Scott Robinson (quadhome) wrote,
Scott Robinson

An early, and hopefully final, comment.

I had an unstated rule about not seriously commenting on race relations. I prefer to pointedly ignore reality and focus on a colourblind lifestyle. My rationale is that, by calling attention to invented divisions, I only help perpetuate painful memes. I won't claim perfection. I am quoted on Max's Facebook profile, "Some call it the race card, I call it the trump card!" To my chagrin, this demonstrates my philosophy rarely stops me from lampooning the issue between vetted friends.

Today's Violent Acres article narrates an event in her life where a rude black woman hurt people by evoking these invented divisions.

This particular circumstance of birth is not a "trump card." I quickly withdraw my respect from anyone who seriously expresses that sentiment.

Contrary to common belief, I do not wake up in the morning and remind myself I'm a black male while looking in the bathroom mirror. On most given days, I am never reminded of my membership in a minority demographic. Unless there are grand conspiracy meetings, I believe I go through my day-to-day life as any other average college student. I am under the impression the honest composition of the preceding paragraph was the goal of the civil rights movement.

Take a moment to read Martin Luther King, Jr.'s "I Have a Dream" speech. If you have a short attention span, start reading the famous one-liners near the end where he vignettes a world where his dream is reality. His hopes are realistic! I won't claim perfection. But, consider the incredible societal changes that have ensued since these words were first spoke and this very moment.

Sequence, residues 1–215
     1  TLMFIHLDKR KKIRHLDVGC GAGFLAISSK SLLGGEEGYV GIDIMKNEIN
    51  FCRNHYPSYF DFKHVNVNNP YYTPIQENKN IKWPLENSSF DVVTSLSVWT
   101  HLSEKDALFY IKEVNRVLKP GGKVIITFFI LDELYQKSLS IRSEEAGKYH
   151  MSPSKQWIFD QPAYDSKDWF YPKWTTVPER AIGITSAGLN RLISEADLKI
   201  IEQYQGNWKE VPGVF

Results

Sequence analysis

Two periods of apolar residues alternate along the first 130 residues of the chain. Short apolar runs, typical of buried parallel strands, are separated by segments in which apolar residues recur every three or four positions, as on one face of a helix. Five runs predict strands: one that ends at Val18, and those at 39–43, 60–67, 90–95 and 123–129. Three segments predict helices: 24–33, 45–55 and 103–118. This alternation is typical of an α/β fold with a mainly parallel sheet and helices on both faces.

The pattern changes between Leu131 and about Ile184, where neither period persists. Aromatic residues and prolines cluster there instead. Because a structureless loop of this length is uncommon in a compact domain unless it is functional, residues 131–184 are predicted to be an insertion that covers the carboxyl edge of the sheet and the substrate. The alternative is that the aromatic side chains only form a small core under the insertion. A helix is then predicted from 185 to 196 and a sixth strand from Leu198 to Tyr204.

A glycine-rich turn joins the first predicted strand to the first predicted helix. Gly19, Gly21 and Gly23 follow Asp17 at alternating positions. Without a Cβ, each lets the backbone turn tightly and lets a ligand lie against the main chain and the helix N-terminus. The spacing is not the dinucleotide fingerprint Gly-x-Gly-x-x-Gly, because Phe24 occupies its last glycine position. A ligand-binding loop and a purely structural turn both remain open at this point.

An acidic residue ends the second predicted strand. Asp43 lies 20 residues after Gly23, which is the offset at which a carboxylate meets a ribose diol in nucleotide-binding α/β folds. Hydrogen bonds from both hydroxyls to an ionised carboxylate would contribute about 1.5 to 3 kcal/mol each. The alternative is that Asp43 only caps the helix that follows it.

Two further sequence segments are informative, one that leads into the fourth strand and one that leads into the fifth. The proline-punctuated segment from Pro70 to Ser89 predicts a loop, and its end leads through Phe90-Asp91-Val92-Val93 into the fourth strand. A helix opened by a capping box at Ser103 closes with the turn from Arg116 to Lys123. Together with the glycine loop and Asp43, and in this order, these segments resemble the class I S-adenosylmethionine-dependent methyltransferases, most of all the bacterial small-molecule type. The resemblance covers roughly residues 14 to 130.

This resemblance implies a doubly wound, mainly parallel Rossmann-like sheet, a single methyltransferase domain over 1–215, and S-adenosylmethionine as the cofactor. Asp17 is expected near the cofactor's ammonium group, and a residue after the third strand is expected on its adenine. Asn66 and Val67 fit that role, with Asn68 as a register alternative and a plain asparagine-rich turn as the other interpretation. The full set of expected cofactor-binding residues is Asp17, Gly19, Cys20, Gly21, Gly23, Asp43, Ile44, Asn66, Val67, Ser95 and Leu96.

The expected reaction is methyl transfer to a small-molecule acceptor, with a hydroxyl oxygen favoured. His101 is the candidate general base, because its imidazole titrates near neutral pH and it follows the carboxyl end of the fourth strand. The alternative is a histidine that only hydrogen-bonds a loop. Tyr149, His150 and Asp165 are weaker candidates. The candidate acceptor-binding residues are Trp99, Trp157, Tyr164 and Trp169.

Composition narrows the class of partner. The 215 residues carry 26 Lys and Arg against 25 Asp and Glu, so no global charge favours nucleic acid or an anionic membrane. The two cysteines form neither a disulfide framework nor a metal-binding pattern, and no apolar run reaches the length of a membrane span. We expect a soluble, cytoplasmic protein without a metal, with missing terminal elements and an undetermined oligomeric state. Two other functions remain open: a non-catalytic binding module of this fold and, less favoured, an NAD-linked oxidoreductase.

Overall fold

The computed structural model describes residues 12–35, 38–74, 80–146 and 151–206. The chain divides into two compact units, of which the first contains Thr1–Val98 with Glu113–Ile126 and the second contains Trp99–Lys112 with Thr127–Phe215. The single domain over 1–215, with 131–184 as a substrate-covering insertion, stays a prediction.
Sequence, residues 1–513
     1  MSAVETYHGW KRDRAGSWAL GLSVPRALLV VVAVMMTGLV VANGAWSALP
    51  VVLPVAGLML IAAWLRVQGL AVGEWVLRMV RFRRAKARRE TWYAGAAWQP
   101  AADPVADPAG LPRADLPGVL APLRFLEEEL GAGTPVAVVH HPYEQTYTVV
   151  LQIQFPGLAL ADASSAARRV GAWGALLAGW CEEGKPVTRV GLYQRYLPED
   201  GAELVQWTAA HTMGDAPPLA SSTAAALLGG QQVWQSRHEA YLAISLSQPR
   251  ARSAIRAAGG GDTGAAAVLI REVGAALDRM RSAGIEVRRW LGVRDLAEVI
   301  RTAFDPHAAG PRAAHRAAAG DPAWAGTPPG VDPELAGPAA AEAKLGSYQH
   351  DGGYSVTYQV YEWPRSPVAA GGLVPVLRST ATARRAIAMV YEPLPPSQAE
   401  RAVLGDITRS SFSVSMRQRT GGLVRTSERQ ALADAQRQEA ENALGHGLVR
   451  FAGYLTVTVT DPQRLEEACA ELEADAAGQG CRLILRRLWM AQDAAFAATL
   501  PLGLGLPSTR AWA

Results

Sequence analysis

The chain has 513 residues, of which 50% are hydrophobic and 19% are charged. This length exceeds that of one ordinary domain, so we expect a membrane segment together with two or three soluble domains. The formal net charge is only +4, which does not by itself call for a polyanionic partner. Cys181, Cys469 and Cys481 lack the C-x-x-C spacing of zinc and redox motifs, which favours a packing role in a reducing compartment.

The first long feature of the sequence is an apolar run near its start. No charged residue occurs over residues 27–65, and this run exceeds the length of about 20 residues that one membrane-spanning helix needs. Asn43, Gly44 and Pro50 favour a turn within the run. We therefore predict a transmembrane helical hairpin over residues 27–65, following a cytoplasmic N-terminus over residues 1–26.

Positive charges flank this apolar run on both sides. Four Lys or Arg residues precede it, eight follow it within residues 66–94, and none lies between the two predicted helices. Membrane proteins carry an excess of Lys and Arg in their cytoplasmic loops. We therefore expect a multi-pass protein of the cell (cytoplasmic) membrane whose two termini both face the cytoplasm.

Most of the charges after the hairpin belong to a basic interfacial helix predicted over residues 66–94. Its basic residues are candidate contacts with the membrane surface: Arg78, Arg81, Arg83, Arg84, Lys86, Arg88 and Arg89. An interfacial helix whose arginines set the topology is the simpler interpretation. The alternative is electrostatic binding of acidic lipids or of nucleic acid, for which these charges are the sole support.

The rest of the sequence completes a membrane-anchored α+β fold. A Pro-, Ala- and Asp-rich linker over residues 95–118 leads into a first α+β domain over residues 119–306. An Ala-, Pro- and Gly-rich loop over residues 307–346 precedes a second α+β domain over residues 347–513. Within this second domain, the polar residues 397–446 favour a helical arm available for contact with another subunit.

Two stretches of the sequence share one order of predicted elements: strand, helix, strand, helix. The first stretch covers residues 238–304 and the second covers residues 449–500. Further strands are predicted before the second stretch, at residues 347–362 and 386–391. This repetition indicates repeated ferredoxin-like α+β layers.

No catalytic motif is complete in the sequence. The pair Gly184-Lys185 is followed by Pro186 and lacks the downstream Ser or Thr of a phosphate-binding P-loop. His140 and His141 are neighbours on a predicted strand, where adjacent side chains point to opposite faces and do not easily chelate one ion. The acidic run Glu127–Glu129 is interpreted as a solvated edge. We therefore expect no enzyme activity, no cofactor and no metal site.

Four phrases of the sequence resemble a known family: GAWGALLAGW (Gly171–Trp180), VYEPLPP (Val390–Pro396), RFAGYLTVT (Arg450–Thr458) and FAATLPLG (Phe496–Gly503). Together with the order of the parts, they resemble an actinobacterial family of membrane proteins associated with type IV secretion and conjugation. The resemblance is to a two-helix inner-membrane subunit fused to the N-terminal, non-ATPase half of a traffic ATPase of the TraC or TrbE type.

I am infrequently directed to the fact I could indulge in affirmative action-styled programs. My fairer-skinned friends sometimes point out I have been mistreated as a direct result of my race. Some people express a preference for darker-skinned company. In response to these, I walk a line between indifference and avoidance. Some have called this irrational behavior: "Why do you not maximize your advantages? You should take every opportunity." Others imply treasonous behavior: "Are you ashamed of your race? You should love Black." These are confrontations I prefer to avoid. But, my internal dialogue consistently responds to both with the inquiry, "I was born this way. Isn't that enough?"

I enjoy a privileged position. I don't live with a burden of race. The woman in the Violent Acres article lives with that burden. Unfortunately, she's not alone in carrying that daily weight. In the same vein that I take offense at the implication I am conditioned to ignore harms society inflicts upon me, she would be offended at an implication she is imagining those same harms. Our society isn't perfect, and so we're both right. I won't claim perfection.

Tags: pretentious
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